Trojacek v. Estate of Kveton (Tex.App.- Houston [14th Dist.] Apr. 7, 2009)(Sullivan)
real estate dispute, constructive trust, cancellation of deeds, breach of fiduciary duty,
lis pendens, property transfer in expectation of marriage, lack of consideration)
Justice Sullivan   
Before Justices Brock Yates, Guzman and Sullivan)
14-07-00911-CV  Theresa Elizabeth Trojacek and Ronald David Ludwig v. Estate of Magnolia Kveton
Appeal from County Court at Law of Austin County

M E M O R A N D U M  O P I N I O N

This longstanding real-estate dispute arose in Austin County and involves unusual factual complexity.  
The parties are:  (1) Magnolia Kveton (“Kveton”), an elderly lady who owned 333 acres of land that she
deeded to her putative fiancé, Ronald David Ludwig (“Ludwig”); (2) Ludwig, an already-married young
veterinarian who has since been incarcerated for capital murder, and (3) Ludwig’s ex-wife, Theresa
Elizabeth Trojacek (“Trojacek”), who continues to litigate about ownership of the land in which she
admittedly has no legal interest.  

In 1990, after discovering that Ludwig was married, Kveton sued him for fraud and breach of fiduciary
duties, seeking a return of the property she deeded to him.  Following a bench trial conducted
seventeen years later, in 2007, the trial court concluded that Ludwig in fact breached fiduciary duties to
Kveton and restored ownership of the property to the estate of the now-deceased Kveton (the “Estate”).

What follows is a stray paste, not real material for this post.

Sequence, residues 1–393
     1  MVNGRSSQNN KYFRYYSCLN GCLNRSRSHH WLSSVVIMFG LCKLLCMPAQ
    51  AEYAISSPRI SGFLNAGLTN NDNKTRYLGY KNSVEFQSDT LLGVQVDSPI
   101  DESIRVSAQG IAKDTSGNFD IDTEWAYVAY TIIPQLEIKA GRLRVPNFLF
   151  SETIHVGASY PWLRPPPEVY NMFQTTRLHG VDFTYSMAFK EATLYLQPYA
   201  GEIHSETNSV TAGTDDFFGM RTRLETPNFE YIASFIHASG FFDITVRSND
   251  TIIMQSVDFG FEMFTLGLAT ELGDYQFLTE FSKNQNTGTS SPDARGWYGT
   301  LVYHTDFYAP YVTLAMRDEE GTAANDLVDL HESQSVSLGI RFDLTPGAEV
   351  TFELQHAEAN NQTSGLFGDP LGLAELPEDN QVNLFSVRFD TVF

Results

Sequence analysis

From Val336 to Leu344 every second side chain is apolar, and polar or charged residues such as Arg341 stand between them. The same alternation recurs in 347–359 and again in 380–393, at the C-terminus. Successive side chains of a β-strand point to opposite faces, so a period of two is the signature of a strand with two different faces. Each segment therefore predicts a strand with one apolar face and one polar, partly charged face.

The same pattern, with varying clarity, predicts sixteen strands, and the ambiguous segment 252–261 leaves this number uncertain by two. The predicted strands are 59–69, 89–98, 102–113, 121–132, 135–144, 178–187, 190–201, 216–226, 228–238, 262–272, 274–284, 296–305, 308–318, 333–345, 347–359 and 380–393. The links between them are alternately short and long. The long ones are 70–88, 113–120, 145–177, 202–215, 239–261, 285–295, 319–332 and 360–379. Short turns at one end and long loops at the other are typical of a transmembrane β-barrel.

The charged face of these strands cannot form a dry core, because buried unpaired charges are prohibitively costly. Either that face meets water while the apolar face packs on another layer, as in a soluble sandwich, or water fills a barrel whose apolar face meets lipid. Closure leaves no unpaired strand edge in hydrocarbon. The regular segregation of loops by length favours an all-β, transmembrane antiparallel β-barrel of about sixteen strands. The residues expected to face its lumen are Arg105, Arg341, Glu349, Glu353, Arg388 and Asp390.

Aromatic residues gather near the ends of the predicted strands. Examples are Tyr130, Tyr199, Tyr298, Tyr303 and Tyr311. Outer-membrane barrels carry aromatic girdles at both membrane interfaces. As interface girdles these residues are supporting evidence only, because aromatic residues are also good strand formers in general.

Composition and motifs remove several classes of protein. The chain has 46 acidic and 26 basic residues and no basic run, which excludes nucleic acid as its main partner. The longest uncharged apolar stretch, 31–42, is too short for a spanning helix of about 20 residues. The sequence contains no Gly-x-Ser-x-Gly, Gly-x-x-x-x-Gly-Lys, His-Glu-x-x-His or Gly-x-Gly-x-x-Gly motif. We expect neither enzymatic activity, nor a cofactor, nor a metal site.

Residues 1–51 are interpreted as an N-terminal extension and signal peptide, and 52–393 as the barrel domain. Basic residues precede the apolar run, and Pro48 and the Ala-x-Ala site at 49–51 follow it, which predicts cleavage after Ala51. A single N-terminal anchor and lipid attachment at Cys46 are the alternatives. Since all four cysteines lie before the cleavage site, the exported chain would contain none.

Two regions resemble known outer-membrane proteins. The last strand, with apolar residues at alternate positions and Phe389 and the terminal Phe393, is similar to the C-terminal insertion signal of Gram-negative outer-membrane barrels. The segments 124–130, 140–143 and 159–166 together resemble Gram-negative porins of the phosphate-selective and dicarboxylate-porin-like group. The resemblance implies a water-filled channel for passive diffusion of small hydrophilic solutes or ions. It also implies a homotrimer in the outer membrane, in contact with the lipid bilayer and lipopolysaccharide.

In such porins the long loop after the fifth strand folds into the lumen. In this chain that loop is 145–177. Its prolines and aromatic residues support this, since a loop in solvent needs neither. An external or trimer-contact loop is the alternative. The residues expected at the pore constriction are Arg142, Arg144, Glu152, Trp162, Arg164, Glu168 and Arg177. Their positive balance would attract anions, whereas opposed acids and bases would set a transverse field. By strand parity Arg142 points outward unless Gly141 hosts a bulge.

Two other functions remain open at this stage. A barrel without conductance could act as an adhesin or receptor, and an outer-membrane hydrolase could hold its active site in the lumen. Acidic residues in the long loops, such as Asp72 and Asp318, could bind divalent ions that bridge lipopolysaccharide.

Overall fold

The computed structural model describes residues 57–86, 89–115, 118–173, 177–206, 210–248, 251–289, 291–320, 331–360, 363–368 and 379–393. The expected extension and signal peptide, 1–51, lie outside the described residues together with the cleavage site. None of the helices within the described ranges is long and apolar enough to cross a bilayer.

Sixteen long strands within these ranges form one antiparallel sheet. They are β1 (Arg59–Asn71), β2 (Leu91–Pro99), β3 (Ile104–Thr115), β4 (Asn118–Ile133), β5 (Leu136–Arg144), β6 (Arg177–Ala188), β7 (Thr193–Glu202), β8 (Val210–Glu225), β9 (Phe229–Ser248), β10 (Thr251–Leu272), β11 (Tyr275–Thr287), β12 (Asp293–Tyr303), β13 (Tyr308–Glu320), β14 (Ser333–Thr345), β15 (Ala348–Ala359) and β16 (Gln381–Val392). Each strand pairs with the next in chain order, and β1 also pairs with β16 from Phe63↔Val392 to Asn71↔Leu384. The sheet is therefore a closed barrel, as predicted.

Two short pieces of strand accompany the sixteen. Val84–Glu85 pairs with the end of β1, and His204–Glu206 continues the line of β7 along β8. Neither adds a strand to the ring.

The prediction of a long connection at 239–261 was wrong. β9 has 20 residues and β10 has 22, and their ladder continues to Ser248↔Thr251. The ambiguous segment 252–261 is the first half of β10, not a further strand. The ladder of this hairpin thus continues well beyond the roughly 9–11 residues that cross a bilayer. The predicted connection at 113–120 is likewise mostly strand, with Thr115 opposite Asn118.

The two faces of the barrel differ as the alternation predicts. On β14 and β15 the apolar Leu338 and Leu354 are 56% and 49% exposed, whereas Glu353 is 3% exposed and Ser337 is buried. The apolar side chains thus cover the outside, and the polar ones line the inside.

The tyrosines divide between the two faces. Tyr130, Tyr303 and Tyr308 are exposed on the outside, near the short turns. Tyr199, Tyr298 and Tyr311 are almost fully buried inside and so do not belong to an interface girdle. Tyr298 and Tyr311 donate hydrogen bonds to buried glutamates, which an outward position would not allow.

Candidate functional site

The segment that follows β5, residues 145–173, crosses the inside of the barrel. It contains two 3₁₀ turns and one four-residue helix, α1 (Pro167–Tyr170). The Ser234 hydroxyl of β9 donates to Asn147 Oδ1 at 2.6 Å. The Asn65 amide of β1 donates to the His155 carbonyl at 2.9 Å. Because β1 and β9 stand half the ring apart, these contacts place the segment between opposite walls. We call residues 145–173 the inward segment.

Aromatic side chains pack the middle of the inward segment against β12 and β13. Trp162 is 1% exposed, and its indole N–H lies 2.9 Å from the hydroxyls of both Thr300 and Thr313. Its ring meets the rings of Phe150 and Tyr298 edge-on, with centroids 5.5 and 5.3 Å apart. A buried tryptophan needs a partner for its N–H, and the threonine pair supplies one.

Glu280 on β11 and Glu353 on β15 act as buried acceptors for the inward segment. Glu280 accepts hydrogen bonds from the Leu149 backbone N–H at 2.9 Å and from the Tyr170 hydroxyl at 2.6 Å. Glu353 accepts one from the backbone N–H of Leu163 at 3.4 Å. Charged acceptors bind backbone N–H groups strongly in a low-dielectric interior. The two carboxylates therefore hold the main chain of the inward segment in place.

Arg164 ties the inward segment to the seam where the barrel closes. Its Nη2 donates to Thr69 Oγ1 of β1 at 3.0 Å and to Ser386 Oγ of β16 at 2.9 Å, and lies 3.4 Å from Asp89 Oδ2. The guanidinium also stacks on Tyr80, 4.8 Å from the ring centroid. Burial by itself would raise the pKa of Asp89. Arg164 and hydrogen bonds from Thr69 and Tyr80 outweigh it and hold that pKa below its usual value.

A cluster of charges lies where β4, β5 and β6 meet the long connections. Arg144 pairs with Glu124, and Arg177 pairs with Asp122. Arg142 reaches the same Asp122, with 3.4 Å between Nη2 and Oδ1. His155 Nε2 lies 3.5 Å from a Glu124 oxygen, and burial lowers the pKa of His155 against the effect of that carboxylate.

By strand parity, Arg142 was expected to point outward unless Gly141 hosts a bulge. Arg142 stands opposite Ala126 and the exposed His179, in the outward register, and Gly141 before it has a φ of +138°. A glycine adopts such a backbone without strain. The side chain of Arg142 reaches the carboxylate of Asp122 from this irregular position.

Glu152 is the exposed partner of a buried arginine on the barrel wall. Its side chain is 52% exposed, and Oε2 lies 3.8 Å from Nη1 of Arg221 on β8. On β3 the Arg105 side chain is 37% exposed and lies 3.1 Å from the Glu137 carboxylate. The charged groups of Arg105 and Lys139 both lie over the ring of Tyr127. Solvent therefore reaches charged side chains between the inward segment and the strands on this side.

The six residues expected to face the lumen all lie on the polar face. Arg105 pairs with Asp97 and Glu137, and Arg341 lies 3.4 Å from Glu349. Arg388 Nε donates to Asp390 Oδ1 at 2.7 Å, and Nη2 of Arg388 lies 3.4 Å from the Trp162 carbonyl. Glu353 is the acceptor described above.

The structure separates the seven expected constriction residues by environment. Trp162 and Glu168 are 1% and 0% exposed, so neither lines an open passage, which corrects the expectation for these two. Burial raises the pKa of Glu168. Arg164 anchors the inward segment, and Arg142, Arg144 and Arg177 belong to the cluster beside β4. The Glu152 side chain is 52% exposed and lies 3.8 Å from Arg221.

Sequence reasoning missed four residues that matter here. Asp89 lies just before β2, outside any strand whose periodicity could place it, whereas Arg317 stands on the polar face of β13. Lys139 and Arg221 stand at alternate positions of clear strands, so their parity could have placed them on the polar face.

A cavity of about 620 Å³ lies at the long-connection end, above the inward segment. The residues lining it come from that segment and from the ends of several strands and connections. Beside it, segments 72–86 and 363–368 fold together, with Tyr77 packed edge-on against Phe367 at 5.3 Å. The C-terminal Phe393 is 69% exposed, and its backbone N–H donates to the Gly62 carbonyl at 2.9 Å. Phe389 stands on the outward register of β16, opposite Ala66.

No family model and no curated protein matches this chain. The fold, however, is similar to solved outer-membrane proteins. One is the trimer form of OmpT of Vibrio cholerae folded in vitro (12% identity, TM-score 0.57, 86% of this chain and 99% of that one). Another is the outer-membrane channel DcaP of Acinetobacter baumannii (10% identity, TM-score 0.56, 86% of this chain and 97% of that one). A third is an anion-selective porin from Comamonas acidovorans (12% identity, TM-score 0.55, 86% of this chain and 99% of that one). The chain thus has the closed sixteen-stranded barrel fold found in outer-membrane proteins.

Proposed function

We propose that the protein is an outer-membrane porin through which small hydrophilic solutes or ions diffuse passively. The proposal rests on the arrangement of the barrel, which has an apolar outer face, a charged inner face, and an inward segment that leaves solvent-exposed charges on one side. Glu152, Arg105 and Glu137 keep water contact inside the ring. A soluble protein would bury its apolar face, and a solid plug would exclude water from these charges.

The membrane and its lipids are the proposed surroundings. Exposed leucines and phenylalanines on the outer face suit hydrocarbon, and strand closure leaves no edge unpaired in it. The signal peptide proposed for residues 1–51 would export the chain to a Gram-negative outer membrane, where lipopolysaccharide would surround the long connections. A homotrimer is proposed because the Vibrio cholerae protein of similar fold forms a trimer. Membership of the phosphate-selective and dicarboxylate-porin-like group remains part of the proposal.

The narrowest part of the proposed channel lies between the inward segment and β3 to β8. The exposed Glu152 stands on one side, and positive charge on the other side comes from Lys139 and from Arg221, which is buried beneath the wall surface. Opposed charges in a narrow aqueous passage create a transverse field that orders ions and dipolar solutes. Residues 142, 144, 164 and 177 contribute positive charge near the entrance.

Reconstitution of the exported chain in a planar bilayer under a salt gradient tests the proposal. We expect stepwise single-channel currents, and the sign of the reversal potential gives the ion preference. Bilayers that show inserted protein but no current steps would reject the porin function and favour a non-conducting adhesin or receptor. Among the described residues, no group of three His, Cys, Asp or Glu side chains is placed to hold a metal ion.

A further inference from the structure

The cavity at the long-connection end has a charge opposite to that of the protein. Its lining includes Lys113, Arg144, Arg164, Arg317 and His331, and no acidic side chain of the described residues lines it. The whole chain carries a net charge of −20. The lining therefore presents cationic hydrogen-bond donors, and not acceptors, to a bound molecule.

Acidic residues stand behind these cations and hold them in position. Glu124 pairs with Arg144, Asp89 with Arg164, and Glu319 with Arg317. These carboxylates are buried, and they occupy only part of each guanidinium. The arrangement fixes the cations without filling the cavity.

In one issue on appeal, Ludwig challenges the trial court’s subject matter jurisdiction, contending that
the amount in controversy in the underlying proceeding exceeded the jurisdictional limits for a statutory
county court.  In addition, Trojacek has separately appealed, raising five issues, under the presumption
that she has some legal rights to the acreage.  She does not.  Because Trojacek lacks standing to
challenge the judgment, we dismiss her appeal for want of jurisdiction.  Otherwise, we affirm the
judgment as to Ludwig.

In the late 1970s, Kveton owned roughly 333 acres of land located in Austin County and Colorado
County.  When she was almost ninety years old, she was befriended by Ludwig, a veterinarian in his
mid-20s.  As their friendship developed, Kveton apparently came under the impression that Ludwig
intended to marry her.  Over a period of nine years that began in 1979,  Kveton transferred the 333
acres to Ludwig in the form of six real-estate deeds that were executed at different times.  She later
alleged, and the trial court found, that Ludwig did not give consideration for these deeds.

During the time that Kveton claimed Ludwig as her fiancé, he was already married to Trojacek.  
However, in 1989, Trojacek sued Ludwig for divorce in Harris County district court and, in that
proceeding, characterized the 333 acres as the couple’s community property.  Kveton apparently
learned of the divorce action and, realizing that Ludwig was already married, demanded that he return
the real-estate deeds to her.  When he declined, Kveton intervened in the divorce proceeding.  She
accused LudwigCand Trojacek, tooCof fraud and breach of fiduciary duties, and asked that the
acreage be re-conveyed to her.  Kveton died during the pendency of the divorce action, however, and
the petition for intervention was thereafter prosecuted by her estate.  Kveton’s will was probated in the
County Court at Law of Austin County.

The Harris County district court ordered that the intervention be severed from the main divorce action
but, after that point, the record indicates there was no further activity on the intervention until March 30,
2007, almost fifteen years later.[1]  Meanwhile, in February 1992, the district court signed a divorce
decree that awarded the 333 acres to Ludwig, as his separate property.  Importantly, Trojacek has